However, Bayesian linear regression is a textbook example of a model that lacks
expressiveness: in most circumstances, we want something that can model
nonlinear functions as well. One (perfectly valid) way of doing this would be to
handengineer some nonlinear features and/or basis functions before feeding them
into a Bayesian linear regression. However, in the 21st century, the trendier
thing to do is to have a neural network learn those features for you. This is
exactly what is proposed in a ICLR 2018 paper from Google
Brain. They find that this model — which they
call NeuralLinear
— performs decently well across a variety of tasks, even
compared to other bandit algorithms. In the words of the authors:
We believe [
NeuralLinear
’s] main strength is that it is able to simultaneously learn a data representation that greatly simplifies the task at hand, and to accurately quantify the uncertainty over linear models that explain the observed rewards in terms of the proposed representation.
For more information, be sure to check out the Google Brain paper and the accompanying TensorFlow code.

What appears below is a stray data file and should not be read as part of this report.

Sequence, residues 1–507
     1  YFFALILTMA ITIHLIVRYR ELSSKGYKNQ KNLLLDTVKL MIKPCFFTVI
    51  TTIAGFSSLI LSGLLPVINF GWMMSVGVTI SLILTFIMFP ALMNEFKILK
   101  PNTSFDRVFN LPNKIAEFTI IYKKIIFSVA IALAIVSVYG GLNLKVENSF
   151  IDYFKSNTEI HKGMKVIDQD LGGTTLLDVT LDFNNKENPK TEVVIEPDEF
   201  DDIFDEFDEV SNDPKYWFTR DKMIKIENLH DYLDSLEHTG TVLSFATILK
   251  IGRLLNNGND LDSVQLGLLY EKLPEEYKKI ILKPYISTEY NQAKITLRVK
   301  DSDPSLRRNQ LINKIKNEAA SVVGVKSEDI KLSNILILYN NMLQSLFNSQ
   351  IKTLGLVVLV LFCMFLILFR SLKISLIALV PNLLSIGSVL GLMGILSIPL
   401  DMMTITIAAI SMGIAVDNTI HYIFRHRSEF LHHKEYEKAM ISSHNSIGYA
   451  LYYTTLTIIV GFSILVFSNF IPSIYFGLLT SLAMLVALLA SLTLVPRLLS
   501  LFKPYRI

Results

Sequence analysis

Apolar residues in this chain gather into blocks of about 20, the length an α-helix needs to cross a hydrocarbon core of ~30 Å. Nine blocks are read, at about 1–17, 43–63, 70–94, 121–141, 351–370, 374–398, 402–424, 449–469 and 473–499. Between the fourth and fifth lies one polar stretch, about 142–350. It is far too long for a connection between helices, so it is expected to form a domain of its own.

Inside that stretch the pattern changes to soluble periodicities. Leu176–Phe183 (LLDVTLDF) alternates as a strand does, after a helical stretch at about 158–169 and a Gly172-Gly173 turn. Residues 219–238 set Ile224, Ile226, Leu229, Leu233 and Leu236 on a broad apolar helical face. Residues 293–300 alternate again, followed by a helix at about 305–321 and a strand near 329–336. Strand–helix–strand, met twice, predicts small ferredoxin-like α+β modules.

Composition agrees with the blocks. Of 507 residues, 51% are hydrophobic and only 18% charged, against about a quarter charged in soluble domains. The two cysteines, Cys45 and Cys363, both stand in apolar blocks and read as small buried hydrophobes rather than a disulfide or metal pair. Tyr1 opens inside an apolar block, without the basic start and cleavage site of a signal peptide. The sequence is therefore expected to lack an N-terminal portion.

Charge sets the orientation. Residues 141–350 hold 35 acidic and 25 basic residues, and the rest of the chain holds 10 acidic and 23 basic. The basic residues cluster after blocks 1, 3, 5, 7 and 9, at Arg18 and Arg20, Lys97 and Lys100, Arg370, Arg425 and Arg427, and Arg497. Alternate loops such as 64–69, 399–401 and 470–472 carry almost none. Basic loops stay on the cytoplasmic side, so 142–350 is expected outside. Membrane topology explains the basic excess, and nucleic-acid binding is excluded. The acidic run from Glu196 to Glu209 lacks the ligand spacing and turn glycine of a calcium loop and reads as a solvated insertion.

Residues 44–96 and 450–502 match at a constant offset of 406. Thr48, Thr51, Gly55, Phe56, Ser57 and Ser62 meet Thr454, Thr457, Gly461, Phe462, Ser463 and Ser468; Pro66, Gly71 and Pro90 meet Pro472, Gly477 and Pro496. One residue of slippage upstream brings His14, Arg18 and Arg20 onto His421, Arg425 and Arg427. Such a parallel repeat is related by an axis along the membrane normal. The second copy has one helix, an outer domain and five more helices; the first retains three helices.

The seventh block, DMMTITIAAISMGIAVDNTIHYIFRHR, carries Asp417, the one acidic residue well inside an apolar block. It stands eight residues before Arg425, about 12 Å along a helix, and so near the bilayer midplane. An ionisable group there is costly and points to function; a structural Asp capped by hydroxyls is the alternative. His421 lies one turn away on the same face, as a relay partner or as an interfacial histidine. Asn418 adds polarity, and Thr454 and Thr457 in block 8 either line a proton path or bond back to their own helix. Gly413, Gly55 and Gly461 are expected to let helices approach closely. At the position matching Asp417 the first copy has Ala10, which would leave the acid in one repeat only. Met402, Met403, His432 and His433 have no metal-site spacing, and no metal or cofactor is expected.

Further Reading
For nonBayesian approaches to contextual bandits, Vowpal Wabbit is a great resource: John Langford and the team at Microsoft Research has extensively researched contextual bandit algorithms. They’ve provided blazingly fast implementations of recent algorithms and written good documentation for them.
For the theory and math behind bandit algorithms, Tor Lattimore and Csaba Szepesvári’s book covers a breathtaking amount of ground.
This is the second of a twopart series about Bayesian bandit algorithms. Check out the first post here.

Did you know you can make colored equations with MathJax? Technology frightens me sometimes. ↩

This explanation is largely drawn from from John Langford’s
hunch.net
. ↩ 
If you don’t want to do Bishop’s exercises, there’s a partially complete solutions manual on GitHub ↩